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GAD65(Diamyd) still alive.

Discussion in 'Research' started by Ernst, Feb 2, 2012.

  1. Ernst

    Ernst Approved members

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    Last edited: Feb 2, 2012
  2. DadCares

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    Could someone please use an English transalator and paste the results in this thread? Thank you.
     
  3. DadCares

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    Could someone please use an English transalator and paste the results in this thread? Thank you.
     
  4. My_Dana

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    http://www.liu.se/forskning/forskningsnyheter/1.320254?l=sv

    I use Google Chrome and it will automatically ask to translate.
    Works great.

    Here is the article -

    The development of a drug for type 1 diabetes, based on auto-antigen GAD65, received a setback after the crucial clinical trial did not show clear enough power. One possible reason may be seasonal variations in the immune system, write those responsible for the study of the New England Journal of Medicine.

    -We have not given up, but still believe that the GAD-alum may prove to be an important part in terms of both preventing and treating type 1 diabetes, says Johnny Ludvigsson (pictured), professor emeritus of pediatrics at the University of Link?ping .

    In the development of type 1 diabetes, the immune system attacks the insulin-producing pancreatic beta cells. In connection with the development are often antibodies directed against different proteins in beta cells. Such is the GAD65, an enzyme normally present in the brain, but whose function in beta cells is unknown.

    Led by Johnny Ludvigsson conducted clinical trials of treatment with alumformulerat GAD65 in new onset patients. Three years ago, researchers showed in a Phase 2 study that such vaccination could retard the degradation of beta cells. At a four-year follow-up was found that C-peptide - a measure of endogenous insulin production - was significantly higher in patients who had fallen ill less than six months before the start of the study, compared with a control group.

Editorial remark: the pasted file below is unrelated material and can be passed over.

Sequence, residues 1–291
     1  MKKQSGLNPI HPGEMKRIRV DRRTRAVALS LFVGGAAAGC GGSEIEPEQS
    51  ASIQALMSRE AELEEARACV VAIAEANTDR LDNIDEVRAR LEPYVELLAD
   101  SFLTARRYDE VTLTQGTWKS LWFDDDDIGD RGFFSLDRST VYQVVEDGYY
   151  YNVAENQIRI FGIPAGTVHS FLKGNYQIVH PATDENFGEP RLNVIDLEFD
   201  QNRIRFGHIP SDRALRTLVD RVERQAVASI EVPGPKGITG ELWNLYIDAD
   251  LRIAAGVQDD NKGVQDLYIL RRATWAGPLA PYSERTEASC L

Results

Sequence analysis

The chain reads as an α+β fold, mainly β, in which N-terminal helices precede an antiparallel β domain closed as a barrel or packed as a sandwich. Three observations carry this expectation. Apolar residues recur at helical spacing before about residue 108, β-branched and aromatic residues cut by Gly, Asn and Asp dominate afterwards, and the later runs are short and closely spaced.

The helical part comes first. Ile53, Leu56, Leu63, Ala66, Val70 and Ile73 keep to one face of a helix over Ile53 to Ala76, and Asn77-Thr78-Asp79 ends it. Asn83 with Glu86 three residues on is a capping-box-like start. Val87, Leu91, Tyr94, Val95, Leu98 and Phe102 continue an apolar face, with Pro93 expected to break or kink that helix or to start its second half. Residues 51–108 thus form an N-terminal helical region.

For Phase 3 study enrolled 334 patients between the ages of ten to twenty years. Within three months after diagnosis were randomly assigned to the three different treatments: four doses of GAD-alum, two doses of GAD-alum followed by two doses of placebo or four doses of placebo. The primary endpoint was the change in C-peptide levels 15 months after starting treatment. The results showed a positive trend but no significant effect.

    The authors of the article in this week's edition of the NEJM makes now the question: "Why did this Phase 3 study no effect, in contrast to our earlier Phase 2 study?"

    As a statement released seasonal variations in the immune system. When the material is broken down into subgroups, it appears that the treatment had significant effect among patients who received their first GAD alumdos in March or April, which was the period when all patients in the Phase 2 study were vaccinated.

    Another discrepancy that may have played a role in the results was that the Phase 3 study coincided with the outbreak of swine flu, which led to widespread vaccination. The diabetic patients who were vaccinated against influenza within 150 days responded better on the GAD-alum treatment than the others in the study. Additional factors affecting the results can be age and gender. The large European study, the effect was significant for boys.